Google glass 3d printer

3D Printed Lenses for Smart Glasses

Remember Google Glass?

It was a nose-mounted smart product that offered the moon and delivered ridicule and paranoia.

And do you remember the expectations versus the reality? We were promised a futuristic HUD with the ability to pipe information from the interweb directly into our eyes…

But in reality, it seemed to be used mostly for obnoxiously recording every face-to-face human interaction the wearer was involved with in their daily existence.

For that reason, the term “glasshole” entered the lexicon, and shortly afterwards, the Google Glass project just kinda disappeared…up its own glass, much to the lament of tech-savvy early-adopter hipsters all around the world.

Well, that’s not strictly true. The prototype/dev Explorer edition just faded away and was eventually replaced by the Enterprise Edition, which basically nobody cared about either.

When was the last time you saw someone wearing a Google Glass? Exactly.
It was just too weird for public consumption.

Smart Lens

If you were one of those folks who feels that wearable face-tech disappeared too soon, then lament no more because the next generation of smart glasses could be winging their way onto your faces very soon thanks to 3D printed lens company Luxexcel.

Luxexcel, who are headquartered in Eindhoven, Netherlands, have been 3D printing lenses since 2009 and are patent holders to some of the main technologies required for 3D printing lenses. These patents make up the core of their VisionPlatform, which includes a 3D printer, a collection of custom resins for printing lenses and the proprietary software (VisionMaster) for designing and printing lenses, of both smart and traditional varieties.

How does it work?

The lenses are printed in the normal manner, and during printing the process is paused and the electronic hardware is placed on the lens surface. The printer is resumed and the electronics are seamlessly encased within the lens body. The video below explains that process in much more depth.

Why 3D Print Lenses Anyway?

Having worked as a lens maker, this writer has some experience in this field, and I have the scars on my fingers a decade later to prove it. Ground lens edges are SHARP. Like razor sharp.

In a nutshell, a lens manufacturer will typically take a plastic/glass lens blank from a variety of optical options based on customer requirements. The blank looks like a transparent hockey puck.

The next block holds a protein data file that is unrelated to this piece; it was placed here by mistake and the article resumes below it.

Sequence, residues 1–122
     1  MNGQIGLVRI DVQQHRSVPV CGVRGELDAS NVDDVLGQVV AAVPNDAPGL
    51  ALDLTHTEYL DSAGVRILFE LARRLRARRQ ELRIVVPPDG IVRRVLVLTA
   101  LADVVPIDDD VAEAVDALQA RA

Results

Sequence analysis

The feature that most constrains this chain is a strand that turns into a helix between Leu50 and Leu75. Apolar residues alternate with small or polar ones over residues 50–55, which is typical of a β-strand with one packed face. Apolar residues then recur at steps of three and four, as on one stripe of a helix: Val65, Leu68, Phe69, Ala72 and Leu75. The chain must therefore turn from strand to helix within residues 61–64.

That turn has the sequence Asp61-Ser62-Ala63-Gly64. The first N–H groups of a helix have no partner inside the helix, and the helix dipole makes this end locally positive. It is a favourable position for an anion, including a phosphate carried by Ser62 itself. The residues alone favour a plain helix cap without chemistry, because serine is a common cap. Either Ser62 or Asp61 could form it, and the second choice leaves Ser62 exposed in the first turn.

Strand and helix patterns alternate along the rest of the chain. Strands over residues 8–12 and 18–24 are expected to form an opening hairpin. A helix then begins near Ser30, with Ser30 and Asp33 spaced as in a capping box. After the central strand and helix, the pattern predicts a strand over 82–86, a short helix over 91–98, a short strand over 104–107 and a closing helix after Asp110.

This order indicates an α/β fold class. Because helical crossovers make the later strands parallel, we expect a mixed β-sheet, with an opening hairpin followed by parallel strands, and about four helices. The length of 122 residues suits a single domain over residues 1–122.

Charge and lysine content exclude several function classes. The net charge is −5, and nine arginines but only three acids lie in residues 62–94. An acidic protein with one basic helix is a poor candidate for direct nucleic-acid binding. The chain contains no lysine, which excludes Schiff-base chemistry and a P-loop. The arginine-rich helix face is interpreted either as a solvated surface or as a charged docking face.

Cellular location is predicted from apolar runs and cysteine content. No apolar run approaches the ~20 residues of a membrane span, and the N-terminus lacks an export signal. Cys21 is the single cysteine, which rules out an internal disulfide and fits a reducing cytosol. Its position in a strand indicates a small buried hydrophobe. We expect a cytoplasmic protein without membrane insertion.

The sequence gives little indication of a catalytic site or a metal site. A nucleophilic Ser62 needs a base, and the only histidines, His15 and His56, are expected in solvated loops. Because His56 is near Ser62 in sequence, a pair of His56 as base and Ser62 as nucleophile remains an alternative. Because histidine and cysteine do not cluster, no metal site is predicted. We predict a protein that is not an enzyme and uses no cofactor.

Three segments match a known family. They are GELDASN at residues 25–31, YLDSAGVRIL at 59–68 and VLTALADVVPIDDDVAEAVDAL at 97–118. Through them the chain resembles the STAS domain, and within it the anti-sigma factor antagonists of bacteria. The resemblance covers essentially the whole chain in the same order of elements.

It is then loaded into a grinding machine with the tooling, which is shaped to provide the correct curvature to the front and back of the lens. The grinding machine is pumped full of milky abrasive fluid, and you just sit back and wait a while until the abrasive covered tools do their job.

It then goes onto another machine and is polished in a similar way.

The ground/polished lens is removed and cut down to shape so it fits the spectacle frame before going through some QC process where the refractive index of the lens is measured before being fitted into customers’ spectacle frames.

By 3D printing the lenses, you can cut out all of that black selection process, and the grinding and polishing, and simply 3D print the lens into its final form.

No need for polishing and grinding machines. No need for a storeroom full of blanks. You can see the value already, right? Reduced processing steps equals reduced machine costs, and reduced staff costs too.

And as traditional lens grinding is a subtractive process, it can waste up to 80% of the material in manufacturing. With AM, that wastage is reduced significantly.

How is it different from Google Glass?

While the Google Glass had a single little screen positioned just above the eye for you to stare into, the Luxexcel models have the screen inside the lens itself.

And there are two lenses, just like real glasses.

The lens itself can be designed to whatever your prescription demands. The main difference is of course that Luxexcel is a dedicated optical lens company as opposed to Google, who aren’t.

Consequently this technology feels like it has been designed from the ground up to actually look like glasses (and function like them) rather than the Google product which looks like someone has glued a Pez dispenser onto a frame.

The result is a pair of AR glasses that actually look like glasses, with larger screen real estate than Google’s weird effort. And because the electronics are embedded into the lens, there are some weight reduction benefits also.

Let’s just be clear: Luxexcel are primarily a lens manufacturer rather than a smart-glasses product maker. They are largely designing smart lenses for other companies to put into their own products.

For example, a couple of years ago they provided lenses for the Vuzix Blade AR glasses.

Will this help bring about a true AR killer app? Or will we be doomed to wearing the likes of Magic Leap and Microsoft HoloLens for our AR jollies?

Let’s hope it is the former.

Hassle-Free 3D Printer Breaks Paradigm Mold

In 2014, the biggest brains in 3D printing, from the inventor of 3D CAD software to the developer of inkjet 3D printing, stealthily joined forces to create a company whose goal was to break industrial 3D printers out of the lab and make them safe and easy enough to use in an office.

This week, that Boston startup, Rize Inc., the additive manufacturing dream team has emerged from the shadows to unveil its new desktop industrial printer, the Rize One (starts at $19,000).

It eliminates nearly every pet peeve you’ve ever had about industrial 3D printing. Post-processing time? Gone. Weak material? Not anymore. Complex software? Simplified.   

The 21.4 x 36 25.4 in. printer uses a patented Augmented Polymer Deposition process and game-changing material, Rizium One, that have been shown to cut overall turnaround time by 50%.

We asked Frank Marangell, President and CEO of Rize and former president of Objet North America, to tell us why this is the finally the 3D printer you’ve been waiting for.

NED: How did the team get together?